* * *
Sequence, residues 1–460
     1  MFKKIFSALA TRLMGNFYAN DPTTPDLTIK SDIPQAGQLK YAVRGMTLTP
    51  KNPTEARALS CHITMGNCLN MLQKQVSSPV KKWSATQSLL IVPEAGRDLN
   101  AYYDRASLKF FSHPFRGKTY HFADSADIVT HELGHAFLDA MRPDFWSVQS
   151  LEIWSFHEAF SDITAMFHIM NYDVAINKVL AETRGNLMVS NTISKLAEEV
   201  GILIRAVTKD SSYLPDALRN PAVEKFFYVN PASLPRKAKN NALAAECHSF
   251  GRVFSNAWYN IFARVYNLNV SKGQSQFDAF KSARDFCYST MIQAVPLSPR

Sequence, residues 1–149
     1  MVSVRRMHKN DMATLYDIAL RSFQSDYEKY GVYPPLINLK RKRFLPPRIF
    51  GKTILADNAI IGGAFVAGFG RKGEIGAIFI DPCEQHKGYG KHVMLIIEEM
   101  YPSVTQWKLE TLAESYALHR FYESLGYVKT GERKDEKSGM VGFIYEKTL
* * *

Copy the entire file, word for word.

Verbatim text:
Sequence, residues 1–460
     1  MFKKIFSALA TRLMGNFYAN DPTTPDLTIK SDIPQAGQLK YAVRGMTLTP
    51  KNPTEARALS CHITMGNCLN MLQKQVSSPV KKWSATQSLL IVPEAGRDLN
   101  AYYDRASLKF FSHPFRGKTY HFADSADIVT HELGHAFLDA MRPDFWSVQS
   151  LEIWSFHEAF SDITAMFHIM NYDVAINKVL AETRGNLMVS NTISKLAEEV
   201  GILIRAVTKD SSYLPDALRN PAVEKFFYVN PASLPRKAKN NALAAECHSF
   251  GRVFSNAWYN IFARVYNLNV SKGQSQFDAF KSARDFCYST MIQAVPLSPR

Sequence, residues 1–149
     1  MVSVRRMHKN DMATLYDIAL RSFQSDYEKY GVYPPLINLK RKRFLPPRIF
    51  GKTILADNAI IGGAFVAGFG RKGEIGAIFI DPCEQHKGYG KHVMLIIEEM
   101  YPSVTQWKLE TLAESYALHR FYESLGYVKT GERKDEKSGM VGFIYEKTL